Keeping up with the ever-changing ins and outs of the real estate market can be a challenge. Buying or selling a home in 2011 is a totally different ball game than it was in 2006. Five years ago, prices were high and it wasn’t uncommon for a home to go out in multiple offers over asking price. Today, prices are lower and buyers have become much more cautious. Understanding the just how today’s buyer operates has gotten a little bit easier, thanks to the blogging team over at Zillow. They’ve broken it down for us by naming three types of buyers: “The Home Stealer, the Market Feeler, and the Real Dealer. Unlike buyers five years ago, they’re far more cautious — sometimes to the point of inaction.” Let’s examine further…
1. The Home Stealer
According the Zillow bloggers, this type of buyer is probably the least likely to actually purchase your home. “They’re not terribly experienced in the local real estate market and in most cases, they have little or no relationship with a real estate agent. They’re likely not pre-approved for a mortgage.” This type of buyer may make unreasonable requests from the sellers, (i.e. asking that the neighbors cut down their tree), or avoid answering questions regarding their finances, experience in the market, etc. While they may be serious about buying a home at some point, they’re probably not serious yet.
2. The Market Feeler
As the name implies, this is the buyer that is new to the market and is carefully feeling it out. They’ve made the decision to buy but want to take their time deciding. “Market Feelers are more likely to disclose their financial situation to their seasoned agent. They probably have a pre-approval letter from a lender, too. They’re likely represented by a local agent and seem to be well-versed on local market and conditions. They may even come for multiple showings.” But when it comes down to it, they’ll likely hold back on making a reasonable offer because they just are not ready to dive in. The Zillow team recommends that sellers should, “Try to work with them at first. Respectfully move on from the low-ball offer but with the realization that the buyer might return with a reasonable offer later. Market Feelers are often on their way toward becoming Real Dealers, once they can get beyond their inexperience and overly cautious approach. Unfortunately, that transformation might take months.”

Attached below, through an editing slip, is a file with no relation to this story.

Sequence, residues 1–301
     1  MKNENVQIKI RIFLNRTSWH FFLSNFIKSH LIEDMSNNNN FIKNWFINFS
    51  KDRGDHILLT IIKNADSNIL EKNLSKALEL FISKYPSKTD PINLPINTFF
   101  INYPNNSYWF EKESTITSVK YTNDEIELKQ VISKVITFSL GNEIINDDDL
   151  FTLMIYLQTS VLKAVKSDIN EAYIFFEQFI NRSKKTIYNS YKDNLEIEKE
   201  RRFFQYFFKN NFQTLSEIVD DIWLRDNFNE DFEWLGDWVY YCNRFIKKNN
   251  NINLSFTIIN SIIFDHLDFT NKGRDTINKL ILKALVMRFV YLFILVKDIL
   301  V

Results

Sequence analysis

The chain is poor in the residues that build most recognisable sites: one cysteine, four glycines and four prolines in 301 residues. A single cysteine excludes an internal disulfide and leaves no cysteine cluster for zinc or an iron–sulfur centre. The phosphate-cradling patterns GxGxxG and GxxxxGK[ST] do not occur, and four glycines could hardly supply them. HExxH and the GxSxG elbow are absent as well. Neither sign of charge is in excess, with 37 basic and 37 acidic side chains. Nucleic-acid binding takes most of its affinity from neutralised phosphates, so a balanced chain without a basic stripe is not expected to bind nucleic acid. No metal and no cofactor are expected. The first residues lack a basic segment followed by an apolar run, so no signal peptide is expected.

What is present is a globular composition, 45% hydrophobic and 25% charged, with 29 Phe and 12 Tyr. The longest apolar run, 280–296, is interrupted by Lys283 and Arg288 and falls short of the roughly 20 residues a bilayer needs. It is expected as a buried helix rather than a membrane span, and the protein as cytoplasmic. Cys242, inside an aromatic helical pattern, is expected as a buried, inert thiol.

3. The Real Dealer
The Real Dealer is ready to make their move–they are the real deal. This buyer has developed a rapport with their agent, they’re familiar with local market conditions, they have spoken with a lender and received a pre-approval letter. “They’ll spend a lot of time in your home. They ask a lot of questions because they’re seriously interested and want to know as much as possible.” They’ll bring their family, friends, co-workers, their contractor, their designer, etc. to see your home. This buyer will spend time visualizing how the home will feel once they are living in it. For the Real Dealer, “When it’s time to write an offer, the contract comes with a local bank or mortgage broker pre-approval letter. Their offers are usually within striking distance of the asking price.” Sellers should be encouraged to, “Be responsive, act quickly, and make yourself available.”
Spotting the Buyer
It’s up to the listing agent to separate the Stealers from the Feelers and the Real Dealers. According to the Zillow experts, “The listing agent has such an important role in negotiating the transaction. They are the only ones that interact with all parties of the transaction.” Sellers with their listing agent should find out as much as possible about the buyer. Ask questions:
- Why are they buying?
- What do they do for work?
- Where is their office?
- What is their motivation for purchasing?
- Did they just get a new job or have a new baby?
- How long have they been looking at real estate?
- How many offers have they already written?
Sellers take note: “You can understand a lot about who you are dealing with, which will ultimately help you in your negotiations…Knowing as much as you can about potential buyers helps to tip the balance of power a little bit back in your favor.” At the very least, it will help you avoid wasting time with any less-than-serious buyers.